Fall to Grace by Jay Bakker

Jim and Tammy Faye Bakker’s son Jay, a pastor of a hipster church that meets in a Brooklyn bar, gives an exegesis of the book of Galatians and urges the church to return to grace-centered theology.

I found much to admire in Fall to Grace, most notably Bakker’s firm grasp of the freedom that grace offers the believer in Christ. However, I just couldn’t get past his round dismissal of the book of James. Bakker would have us believe that the book was only included in the canon of Scripture in order to show us what not to do–and to offer up Christ’s own brother as an example of the leveling power of sin.

At no point does Bakker explain why James is in the book at all, or attempt to reconcile that book’s teachings with those found in the book of Galatians. That’s just sloppy writing. You can’t wish away the hard sayings of Scripture.

Even more frustrating is when he pits James against Jesus, without any acknowledgement of a commonly held view that the book of James is actually a collection of the sayings of Jesus himself!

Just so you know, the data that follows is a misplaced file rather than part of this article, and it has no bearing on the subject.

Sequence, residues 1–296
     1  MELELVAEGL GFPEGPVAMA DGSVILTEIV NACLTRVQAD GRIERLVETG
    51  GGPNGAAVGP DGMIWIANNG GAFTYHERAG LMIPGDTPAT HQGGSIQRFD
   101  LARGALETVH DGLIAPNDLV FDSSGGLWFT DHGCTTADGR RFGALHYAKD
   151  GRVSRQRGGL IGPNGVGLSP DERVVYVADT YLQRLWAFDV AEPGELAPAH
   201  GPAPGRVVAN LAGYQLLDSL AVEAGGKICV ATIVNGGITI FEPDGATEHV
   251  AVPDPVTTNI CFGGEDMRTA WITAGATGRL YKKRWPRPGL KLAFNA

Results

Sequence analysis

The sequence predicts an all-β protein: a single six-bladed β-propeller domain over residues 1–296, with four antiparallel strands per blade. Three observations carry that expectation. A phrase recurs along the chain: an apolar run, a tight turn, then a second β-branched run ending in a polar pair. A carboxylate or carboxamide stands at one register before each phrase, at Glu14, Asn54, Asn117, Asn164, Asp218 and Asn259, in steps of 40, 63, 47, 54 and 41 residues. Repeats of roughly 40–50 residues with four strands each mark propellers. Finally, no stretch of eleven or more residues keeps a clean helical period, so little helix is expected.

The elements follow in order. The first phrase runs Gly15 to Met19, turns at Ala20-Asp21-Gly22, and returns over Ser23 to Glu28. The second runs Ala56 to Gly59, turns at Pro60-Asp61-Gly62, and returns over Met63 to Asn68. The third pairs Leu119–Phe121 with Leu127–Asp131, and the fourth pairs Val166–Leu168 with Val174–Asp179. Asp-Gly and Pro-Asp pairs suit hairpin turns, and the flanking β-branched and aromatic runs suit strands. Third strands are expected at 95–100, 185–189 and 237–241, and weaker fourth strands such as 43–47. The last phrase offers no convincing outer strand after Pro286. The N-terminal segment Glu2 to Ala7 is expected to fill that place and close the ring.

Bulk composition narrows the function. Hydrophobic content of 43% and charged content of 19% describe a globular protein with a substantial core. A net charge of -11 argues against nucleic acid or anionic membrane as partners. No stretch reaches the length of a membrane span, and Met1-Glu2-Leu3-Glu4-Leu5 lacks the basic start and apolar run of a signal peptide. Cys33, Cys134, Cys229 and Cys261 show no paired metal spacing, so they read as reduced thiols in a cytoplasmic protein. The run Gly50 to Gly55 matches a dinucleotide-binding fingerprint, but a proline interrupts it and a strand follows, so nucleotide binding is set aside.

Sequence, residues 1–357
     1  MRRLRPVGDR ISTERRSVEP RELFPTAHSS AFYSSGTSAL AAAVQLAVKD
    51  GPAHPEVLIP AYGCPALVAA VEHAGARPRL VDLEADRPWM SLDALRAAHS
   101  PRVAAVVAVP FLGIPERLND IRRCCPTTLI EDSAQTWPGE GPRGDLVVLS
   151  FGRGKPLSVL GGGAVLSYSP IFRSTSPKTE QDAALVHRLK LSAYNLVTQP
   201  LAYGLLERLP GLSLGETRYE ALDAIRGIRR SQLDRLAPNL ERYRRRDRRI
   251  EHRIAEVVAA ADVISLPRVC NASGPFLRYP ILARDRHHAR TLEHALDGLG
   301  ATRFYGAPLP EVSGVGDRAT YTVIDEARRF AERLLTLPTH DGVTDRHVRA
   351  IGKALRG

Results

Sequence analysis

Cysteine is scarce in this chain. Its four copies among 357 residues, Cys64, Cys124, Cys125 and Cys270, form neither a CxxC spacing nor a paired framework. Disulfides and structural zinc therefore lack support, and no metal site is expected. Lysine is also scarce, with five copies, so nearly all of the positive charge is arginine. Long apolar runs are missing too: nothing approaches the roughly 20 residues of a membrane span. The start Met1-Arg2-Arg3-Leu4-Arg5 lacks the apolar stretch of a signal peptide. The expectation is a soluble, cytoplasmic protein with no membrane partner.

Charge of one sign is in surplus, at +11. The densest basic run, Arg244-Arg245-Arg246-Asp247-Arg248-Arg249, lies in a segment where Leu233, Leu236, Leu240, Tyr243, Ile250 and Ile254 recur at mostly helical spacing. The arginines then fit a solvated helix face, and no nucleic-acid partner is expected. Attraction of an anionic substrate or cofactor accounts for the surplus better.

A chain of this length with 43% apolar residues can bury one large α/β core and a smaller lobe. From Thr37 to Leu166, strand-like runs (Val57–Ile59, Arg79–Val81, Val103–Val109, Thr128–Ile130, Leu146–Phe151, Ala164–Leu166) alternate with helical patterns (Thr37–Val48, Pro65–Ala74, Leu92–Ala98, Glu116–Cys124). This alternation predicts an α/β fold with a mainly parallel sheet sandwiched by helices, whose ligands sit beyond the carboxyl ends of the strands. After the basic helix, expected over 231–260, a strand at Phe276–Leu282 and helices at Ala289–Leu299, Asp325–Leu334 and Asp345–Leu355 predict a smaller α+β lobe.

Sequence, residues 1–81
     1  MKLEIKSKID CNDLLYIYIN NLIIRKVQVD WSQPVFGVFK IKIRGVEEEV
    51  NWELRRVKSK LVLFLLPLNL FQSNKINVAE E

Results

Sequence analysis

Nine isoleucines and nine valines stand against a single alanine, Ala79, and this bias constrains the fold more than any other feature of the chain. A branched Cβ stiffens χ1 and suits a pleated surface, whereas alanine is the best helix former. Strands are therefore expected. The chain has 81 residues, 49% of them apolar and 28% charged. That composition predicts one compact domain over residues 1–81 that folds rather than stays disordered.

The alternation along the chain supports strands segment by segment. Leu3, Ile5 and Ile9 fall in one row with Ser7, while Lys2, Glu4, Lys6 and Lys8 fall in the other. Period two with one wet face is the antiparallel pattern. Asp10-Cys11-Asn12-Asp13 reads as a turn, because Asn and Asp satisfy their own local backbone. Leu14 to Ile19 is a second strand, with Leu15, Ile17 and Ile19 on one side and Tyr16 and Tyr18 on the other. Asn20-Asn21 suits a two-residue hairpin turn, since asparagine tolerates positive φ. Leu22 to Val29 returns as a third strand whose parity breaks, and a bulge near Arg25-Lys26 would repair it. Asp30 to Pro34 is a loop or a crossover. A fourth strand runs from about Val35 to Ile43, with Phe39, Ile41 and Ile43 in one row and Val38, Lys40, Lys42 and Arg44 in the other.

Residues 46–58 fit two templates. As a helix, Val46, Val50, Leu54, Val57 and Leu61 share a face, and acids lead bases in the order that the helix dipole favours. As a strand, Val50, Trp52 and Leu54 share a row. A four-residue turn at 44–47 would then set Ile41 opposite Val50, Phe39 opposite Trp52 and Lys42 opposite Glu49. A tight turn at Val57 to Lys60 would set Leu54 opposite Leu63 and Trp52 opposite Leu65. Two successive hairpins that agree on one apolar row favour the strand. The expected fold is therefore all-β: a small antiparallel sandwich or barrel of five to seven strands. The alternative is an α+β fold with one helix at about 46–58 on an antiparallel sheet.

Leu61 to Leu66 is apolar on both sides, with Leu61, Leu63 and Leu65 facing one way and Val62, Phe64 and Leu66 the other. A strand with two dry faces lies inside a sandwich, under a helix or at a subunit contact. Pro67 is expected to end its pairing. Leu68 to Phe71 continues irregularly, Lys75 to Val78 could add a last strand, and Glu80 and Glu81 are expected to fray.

If Bakker had actually wrestled with the paradox of “faith without works is dead” vs. “[salvation] is a free gift of God that none should boast,” perhaps he would have found more to agree with than not. At one point Bakker says that he quit drinking because he realized it was keeping him from knowing God in a deeper way. God’s grace in his life brought him to freedom from the bondage of sin.

In the same way, God’s grace in the believer’s life prompts us to perform works that attest to the presence of grace in our lives. Our works do not save us; our salvation gives us good works to do. A faith that does not inspire good works is no faith at all.

I went into this book with an open mind, but at the end of the day I am just too Reformed to let Bakker’s superficial theology off the hook.

Many thanks to NetGalley and FaithWords for the review e-copy.

One thought on “Fall to Grace by Jay Bakker”

  1. The beauty of this book is not in its theological accuracy or lack of bias. The beauty of this book is its boldness and its passion. It is refreshing and revolutionary, and it is challenging.

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